Archive for October, 2011

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Published by dandu005 on 25 Oct 2011

Bowhunting in Reality

Looking through today’s hunting publications, what do you see? Page after page of celebrity hunters holding up freakishly large deer that surpass even the limits of our dreams. Usually these images are displayed on the ad pages promoting some sort of product that is supposed to be the cause for the fall of the monarch. While I will say I do like watching some of these celebrity hunters and enjoy their shows, I feel what they are promoting is being misinterpreted by the public. We the public are starting to believe we must shoot big mature bucks, and that trophy hunting is coming to be the one accepted method in the woods. Shooting a young buck will lead to scoffs and criticisms from “much greater” hunters who think highly of their commitment to trophy hunting. In reality, the typical deer hunter doesn’t have access to land that is capable of producing record book bucks consistently like TV hunting personalities do. Big mature bucks are far more rare than most people realize, and that is where this misinterpretation can lead to problems for us hunters. We work so hard for something that quit possibly may not be possible that we no longer enjoy the sport and forget what hunting is about. In these modern day magazines, I am also noticing a rise in the number of articles being published about this issue. The authors are attempting to pursuade people into seeing what the world of hunting is turning into. More and more hunters are losing sight of what is important to the hunt, that is the hunt itself and not the kill. The world of hunting is turning into an unquenchable thirst for shooting the biggest deer in the woods, and if you don’t do so you fail as a hunter. Much too often it seems we find ourselves scrutinizing others for taking lesser deer than our standards. This is brought about by the false interpretations we get from the media. Remember this, the memories we make afield with our friends and family beat any trophy that can ever be harvested. Realizing what hunting really means to you and hunting within your means and reality will lead to an enjoyable experience for all rather than a struggle amongst ourselves.

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Published by mitchie on 24 Oct 2011

Special 3-D Indoor Shoot

Possum Hollow is having a 30 Target 3-D Archery Shoot on December 16, 23 and 30. Cost is 10.00. kitchen open for the events. It is at Possum Hollow Sportsmens Club 352 Possum Hollow Road, Wampum, Pa. 16157. www.ph-sc.com or email us at thepossumhollow@gmail.com. Hope to see you there.

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Published by gmoore on 10 Oct 2011

Preventing Game Camera Theft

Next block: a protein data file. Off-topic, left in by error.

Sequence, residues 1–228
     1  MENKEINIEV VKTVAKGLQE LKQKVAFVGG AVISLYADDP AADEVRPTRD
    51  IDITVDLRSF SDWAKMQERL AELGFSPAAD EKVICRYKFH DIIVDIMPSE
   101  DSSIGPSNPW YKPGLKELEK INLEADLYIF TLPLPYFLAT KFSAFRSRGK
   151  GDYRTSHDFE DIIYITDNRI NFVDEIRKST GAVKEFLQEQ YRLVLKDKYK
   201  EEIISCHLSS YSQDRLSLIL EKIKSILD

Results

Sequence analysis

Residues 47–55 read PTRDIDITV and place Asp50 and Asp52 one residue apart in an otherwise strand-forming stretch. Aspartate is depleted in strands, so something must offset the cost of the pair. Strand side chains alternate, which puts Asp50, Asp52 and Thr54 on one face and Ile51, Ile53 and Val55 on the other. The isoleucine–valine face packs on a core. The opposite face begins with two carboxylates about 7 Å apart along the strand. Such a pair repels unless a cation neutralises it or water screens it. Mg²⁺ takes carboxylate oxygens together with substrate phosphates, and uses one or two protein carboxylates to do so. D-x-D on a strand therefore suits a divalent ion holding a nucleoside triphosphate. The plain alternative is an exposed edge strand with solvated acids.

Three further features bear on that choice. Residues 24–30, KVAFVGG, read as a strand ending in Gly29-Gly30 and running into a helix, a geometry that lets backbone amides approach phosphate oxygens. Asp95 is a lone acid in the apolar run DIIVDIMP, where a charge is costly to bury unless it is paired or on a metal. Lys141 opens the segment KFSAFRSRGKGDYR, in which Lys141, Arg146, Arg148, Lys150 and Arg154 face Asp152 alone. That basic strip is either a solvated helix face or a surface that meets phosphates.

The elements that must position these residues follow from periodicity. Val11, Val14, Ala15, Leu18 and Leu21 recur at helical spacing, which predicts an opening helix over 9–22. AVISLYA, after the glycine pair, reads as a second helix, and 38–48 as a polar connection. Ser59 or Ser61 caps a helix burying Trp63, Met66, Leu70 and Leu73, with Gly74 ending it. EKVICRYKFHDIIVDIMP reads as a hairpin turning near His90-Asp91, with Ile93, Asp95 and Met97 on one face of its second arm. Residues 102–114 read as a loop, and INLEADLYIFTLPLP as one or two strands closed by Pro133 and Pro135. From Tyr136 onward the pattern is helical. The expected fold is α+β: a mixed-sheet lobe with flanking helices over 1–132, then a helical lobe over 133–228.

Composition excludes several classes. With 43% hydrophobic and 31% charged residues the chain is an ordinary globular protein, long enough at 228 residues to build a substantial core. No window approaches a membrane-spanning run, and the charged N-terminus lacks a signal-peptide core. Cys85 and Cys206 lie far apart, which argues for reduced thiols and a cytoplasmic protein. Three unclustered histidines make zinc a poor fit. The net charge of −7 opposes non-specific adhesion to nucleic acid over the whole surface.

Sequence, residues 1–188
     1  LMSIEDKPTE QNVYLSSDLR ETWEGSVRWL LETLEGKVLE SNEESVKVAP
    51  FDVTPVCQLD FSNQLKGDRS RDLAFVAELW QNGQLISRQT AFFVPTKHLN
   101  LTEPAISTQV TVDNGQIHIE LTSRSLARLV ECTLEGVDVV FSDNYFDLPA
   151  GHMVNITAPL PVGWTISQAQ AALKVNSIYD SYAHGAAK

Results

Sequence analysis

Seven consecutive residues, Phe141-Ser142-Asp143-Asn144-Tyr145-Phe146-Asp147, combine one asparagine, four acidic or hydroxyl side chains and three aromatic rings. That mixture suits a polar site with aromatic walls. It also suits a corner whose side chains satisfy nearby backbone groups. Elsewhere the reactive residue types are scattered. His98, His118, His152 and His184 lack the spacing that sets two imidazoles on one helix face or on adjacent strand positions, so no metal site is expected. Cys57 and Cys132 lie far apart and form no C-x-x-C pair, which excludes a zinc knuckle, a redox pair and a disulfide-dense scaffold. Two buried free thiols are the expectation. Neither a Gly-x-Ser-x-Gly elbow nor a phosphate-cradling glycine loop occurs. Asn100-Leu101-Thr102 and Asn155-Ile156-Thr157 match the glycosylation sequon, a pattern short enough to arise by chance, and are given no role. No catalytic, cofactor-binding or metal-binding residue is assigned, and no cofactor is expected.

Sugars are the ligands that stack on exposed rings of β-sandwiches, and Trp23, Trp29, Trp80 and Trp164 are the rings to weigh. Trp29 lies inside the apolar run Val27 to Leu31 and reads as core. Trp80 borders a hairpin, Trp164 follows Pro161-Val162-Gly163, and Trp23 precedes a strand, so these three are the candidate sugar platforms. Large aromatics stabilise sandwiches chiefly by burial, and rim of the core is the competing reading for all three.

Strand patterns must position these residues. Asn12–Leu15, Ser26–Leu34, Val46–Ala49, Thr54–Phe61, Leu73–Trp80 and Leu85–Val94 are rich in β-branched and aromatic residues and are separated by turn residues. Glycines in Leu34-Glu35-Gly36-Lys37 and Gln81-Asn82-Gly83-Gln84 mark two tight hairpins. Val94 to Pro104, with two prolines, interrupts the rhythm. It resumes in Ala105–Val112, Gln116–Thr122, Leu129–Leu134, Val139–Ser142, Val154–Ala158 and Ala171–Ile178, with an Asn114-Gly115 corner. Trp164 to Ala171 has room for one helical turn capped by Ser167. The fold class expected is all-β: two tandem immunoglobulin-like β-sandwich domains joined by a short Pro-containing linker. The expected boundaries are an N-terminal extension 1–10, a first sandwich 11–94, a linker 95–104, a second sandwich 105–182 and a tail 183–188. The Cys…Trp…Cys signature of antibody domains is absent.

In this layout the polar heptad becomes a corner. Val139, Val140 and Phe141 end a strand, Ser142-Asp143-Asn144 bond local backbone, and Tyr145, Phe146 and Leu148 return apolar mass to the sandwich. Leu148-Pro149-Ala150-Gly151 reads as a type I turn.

Game Camera SecurityYou wouldn’t tack a wad of cash to a tree and return a few weeks later hoping that it will still be there.  But that is exactly what a lot of people do with their game cameras.  We invest $100 or more dollars into a new digital trail camera, hang it to a tree with a flimsy bungee cord or mounting strap, and walk off.  Hopefully, no body happens past that trail camera, because it is a crime of opportunity just waiting to happen.

In the past, traditional scouting cameras have typically had some form of locking hole allowing you to use a padlock and a standard security cable on.  While this would not prevent a determined thief with a pair of bolt cutters, it does prevent that crime of opportunity, and offers you some piece of mind.

This problem has only gotten worse in recent years thanks to the introduction and increased popularity of the small form factor game cameras.  Many of these micro cams have a very small lock hole, or more likely no lock hole at all.

I recently purchased and tested the Wildgame Innovations Micro 6 Red.  Not only does this game camera have no lock hole, there is no way to secure the camera door which holds the batteries and the memory card.  It can be easily accessed by opening two small latches.

In order to adequately protect the new micro format game cameras, you need to also consider using a security lock box or add on security bracket.  These are often available directly from the manufacturer or from third party companies.  In recent years, companies have formed that manufacture and deal in security lock boxes to meet the needs created by the lack of native physical security features on these new cameras.

The need to protect your game camera from theft, and the additional cost involved, is something that you should consider when preparing to purchase any game camera.

  • Check the manufacturer’s specifications to see if any mention is made to security lock holes.  If so, ensure that a larger gauge lock can be used.
  • See if the camera has a through-housing cable lock channel that will accept the popular Masterlock Python cable.
  • Find out if the manufacturer offers a security bracket made for your specific model of game camera.  Some (like Cuddeback and Leupold) may not offer security brackets, but do offer lock clips that can be used to secure your trail camera to a tree.
  • If none of these options exist, check to see if a security lock box is available for your specific model of trail camera.  Not only do these protect from theft, but they can also protect your game camera from damage from two or four legged vandals.

While game camera theft may not always be avoidable, it is preventable if you plan ahead and take the appropriate precautions.  Theft can even occur on private land due to the increased number of trespassers as hunting continues to gain popularity.  Don’t be a victim… Be prepared.

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Published by olecowpoke on 04 Oct 2011

Second Place to the Old Man

While on vacation, I visited a new Bow Shop in North Carolina. I was excited to find they also had an indoor Archery Range. As we talked, the Shop Owner told me there was a friendly local competition every Thursday night and he invited me to join them. I told him I was “just a hunter”, not a competitive shooter, but he encouraged me nevertheless. Although I’d never shot competition before, I could hardly wait for Thursday night.